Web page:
Global central banks have been largely accommodative as they battle the impacts of the pandemic on their economies. Lower rates and liquidity have helped push economies ahead and through the worst of the Covid-19 crisis. While accommodative monetary and fiscal policy actions are set to continue for the U.S., China, which experienced an expeditious recovery, has reversed course. As exhibit 1 shows, China’s economy has recovered much more quickly from the pandemic than other major economies.
Fears of both an overheated equity and real estate markets have prompted a tightening in policies aimed to pull liquidity from China’s system. While the People’s Bank of China (PBOC) has not raised its key interest rate yet, the PBOC could be the first major central bank to do so.
As the PBOC continues with a liquidity reducing policy, we expect to see Chinese equities underperform other markets. This could be the case despite expectations for a pick-up in domestic activity and exports as global economies reopen and Chinese Covid-19 bans are lifted.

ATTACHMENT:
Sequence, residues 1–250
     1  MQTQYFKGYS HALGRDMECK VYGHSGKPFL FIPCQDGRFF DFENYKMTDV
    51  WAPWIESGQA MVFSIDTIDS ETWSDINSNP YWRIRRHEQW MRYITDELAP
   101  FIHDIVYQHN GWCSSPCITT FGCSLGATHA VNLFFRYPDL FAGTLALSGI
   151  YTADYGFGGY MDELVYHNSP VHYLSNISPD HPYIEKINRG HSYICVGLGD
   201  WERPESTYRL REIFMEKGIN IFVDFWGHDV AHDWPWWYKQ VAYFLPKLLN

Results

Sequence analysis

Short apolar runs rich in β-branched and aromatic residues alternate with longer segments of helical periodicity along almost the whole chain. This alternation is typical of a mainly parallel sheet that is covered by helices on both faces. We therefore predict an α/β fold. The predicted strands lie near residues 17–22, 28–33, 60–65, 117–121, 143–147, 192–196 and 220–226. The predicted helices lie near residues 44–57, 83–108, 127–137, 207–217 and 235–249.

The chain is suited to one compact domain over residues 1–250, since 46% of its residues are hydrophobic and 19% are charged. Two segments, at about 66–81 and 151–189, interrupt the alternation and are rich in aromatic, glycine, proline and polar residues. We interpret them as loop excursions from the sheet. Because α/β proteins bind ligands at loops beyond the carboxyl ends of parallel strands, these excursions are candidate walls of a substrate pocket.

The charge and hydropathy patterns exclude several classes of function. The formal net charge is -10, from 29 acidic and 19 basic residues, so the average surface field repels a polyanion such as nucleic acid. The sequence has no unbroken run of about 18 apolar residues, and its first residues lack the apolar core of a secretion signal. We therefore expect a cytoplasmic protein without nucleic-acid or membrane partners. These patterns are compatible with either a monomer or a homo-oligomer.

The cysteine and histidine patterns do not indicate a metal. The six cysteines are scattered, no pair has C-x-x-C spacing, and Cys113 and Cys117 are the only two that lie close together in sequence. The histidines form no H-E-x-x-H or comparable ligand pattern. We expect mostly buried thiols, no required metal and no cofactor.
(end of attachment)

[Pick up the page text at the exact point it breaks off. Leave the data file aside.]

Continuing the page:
The impact of contractionary PBOC policies aimed to cool off financial and real estate markets has already become evident. Like other central banks, the PBOC walks a fine line between controlling inflation while promoting growth. While their policies thus far have been more targeted to deter speculative behavior and prevent asset bubbles, there could be unintended consequences. There may be enough positive fundamentals that the market could weather the PBOC tightening. However, it is usually a better bet to move out of a central bank’s way.
We think that the PBOC’s shift away from accommodative policy has implications for emerging market investors. For example, China makes up a large percentage of key emerging markets indices and relevant investment products (exhibit 2). With China’s tightening cycle and rate hikes approaching, Chinese equities could struggle. Investors may want to sidestep these risks.
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The MSCI Emerging Markets Index captures large and mid-cap representation across 27 Emerging Markets (EM) countries. With 1,391 constituents, the index covers approximately 85% of the free float-adjusted market capitalization in each country.